I love NPR…and everyone morning I tune into NPR on my drive to work. This morning, I did just the same. Only difference this morning was that there was an ongoing interview. A sweet, confident, young female voice that was describing what it means to be “an outsider” and “a pioneer.” I loved her answer:
“I sort of refuse to be an outsider, even though I know that I very much look like one to a lot of people, and I refuse to view myself in such terms.” – Mindy Kaling
It was like I had found a soul-mate/idol in a complete stranger. When women are in power positions or ethnic “minorities” such as Indian/Asian/African American/Hispanic achieve cultural successes/break cultural limitations, they are touted as pioneers. On the same token, they are considered an “outsider” by their own group & by the society. But here, we have a young, strong, talented, South-Asian woman stating that she never considers herself as an outsider or different. As an immigrant woman, I know the difficulty through which my family has strived to assimilate with the “American” way. And now, after the days of playground bullying & picking have long passed, I too am proud to say that I am not an “outsider.” I do not require special recognition for tasks that would be considered mundane or expected for the “American way.” I deserve recognition for making society proud & fulfilling my responsibility, but I would be skeptical if someone were to say “as a South Asian [or female] you have accomplished _____”. Because, in America, our potential is not dictated by our ethnicity, gender, or background, instead it is dictated by our own talent & tenacity to fulfill our dreams. So, like Kaling says, “I think that it’s insidious to be spending more of your time reflecting …and talking more and more in smart ways about your otherness, rather than doing the hard work of your job.”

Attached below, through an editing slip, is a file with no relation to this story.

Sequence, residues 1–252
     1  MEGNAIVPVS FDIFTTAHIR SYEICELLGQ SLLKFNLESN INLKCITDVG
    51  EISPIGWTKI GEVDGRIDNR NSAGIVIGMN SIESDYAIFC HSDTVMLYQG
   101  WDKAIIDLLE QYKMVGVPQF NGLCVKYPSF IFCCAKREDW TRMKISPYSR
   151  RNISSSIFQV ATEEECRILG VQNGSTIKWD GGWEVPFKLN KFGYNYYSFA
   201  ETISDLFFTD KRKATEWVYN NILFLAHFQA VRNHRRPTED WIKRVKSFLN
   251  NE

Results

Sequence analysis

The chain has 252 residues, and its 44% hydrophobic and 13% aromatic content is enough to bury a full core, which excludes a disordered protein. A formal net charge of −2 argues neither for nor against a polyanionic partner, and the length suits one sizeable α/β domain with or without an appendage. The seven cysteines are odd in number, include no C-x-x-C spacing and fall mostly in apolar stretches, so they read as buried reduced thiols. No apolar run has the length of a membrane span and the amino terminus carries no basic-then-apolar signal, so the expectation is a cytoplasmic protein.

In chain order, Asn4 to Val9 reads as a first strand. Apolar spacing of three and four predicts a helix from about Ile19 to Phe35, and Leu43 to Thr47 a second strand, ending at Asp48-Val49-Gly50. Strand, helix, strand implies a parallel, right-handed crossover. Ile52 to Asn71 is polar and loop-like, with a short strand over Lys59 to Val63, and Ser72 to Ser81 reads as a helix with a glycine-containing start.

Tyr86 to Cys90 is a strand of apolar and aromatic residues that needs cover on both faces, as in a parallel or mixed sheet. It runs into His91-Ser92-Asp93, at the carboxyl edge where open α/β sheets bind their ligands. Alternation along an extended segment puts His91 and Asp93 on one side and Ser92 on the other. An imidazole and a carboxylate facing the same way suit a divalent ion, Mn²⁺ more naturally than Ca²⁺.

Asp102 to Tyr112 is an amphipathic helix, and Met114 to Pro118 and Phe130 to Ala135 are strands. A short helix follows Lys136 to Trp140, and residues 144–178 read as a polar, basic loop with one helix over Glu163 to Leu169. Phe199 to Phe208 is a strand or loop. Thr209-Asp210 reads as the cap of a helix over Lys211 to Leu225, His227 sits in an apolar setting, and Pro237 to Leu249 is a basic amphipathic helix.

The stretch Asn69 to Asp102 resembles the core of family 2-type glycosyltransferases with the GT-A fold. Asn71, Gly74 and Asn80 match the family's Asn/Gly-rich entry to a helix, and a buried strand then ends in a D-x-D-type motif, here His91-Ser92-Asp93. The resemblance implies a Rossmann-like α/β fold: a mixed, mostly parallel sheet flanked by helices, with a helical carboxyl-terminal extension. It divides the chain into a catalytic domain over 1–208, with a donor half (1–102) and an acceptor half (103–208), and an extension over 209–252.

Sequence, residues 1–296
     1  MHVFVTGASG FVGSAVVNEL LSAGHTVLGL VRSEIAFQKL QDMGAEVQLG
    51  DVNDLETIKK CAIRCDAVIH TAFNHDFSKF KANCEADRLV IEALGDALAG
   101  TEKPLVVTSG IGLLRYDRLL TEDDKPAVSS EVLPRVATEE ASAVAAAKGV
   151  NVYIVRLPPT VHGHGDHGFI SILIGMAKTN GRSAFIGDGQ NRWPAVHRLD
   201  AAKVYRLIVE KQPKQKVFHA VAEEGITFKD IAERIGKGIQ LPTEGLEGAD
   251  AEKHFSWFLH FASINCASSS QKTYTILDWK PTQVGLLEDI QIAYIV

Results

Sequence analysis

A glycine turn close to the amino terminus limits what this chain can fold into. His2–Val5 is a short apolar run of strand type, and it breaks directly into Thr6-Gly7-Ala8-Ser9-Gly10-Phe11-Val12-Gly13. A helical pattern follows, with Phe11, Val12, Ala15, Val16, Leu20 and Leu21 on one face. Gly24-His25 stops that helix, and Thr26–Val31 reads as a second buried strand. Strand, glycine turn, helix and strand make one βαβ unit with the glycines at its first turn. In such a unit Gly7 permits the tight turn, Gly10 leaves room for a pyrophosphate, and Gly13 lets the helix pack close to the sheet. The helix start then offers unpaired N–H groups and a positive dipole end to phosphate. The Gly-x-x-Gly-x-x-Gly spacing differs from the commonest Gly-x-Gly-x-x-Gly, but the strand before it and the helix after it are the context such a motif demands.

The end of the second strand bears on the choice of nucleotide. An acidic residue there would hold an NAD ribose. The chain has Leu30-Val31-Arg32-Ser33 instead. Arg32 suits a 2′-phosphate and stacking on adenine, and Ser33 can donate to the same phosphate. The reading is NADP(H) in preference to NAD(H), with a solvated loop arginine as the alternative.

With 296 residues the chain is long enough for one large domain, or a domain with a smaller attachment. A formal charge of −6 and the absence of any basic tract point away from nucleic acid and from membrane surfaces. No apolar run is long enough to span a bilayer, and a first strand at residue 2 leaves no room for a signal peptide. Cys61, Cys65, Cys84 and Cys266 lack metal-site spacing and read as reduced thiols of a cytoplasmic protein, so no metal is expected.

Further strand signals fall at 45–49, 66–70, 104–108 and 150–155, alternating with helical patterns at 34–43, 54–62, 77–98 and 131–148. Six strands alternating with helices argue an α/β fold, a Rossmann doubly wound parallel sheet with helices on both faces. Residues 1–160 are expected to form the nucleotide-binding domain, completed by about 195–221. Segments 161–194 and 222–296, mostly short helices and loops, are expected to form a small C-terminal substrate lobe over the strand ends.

Read more about her interview here!
PS – I have not watched her show, but I will certainly now!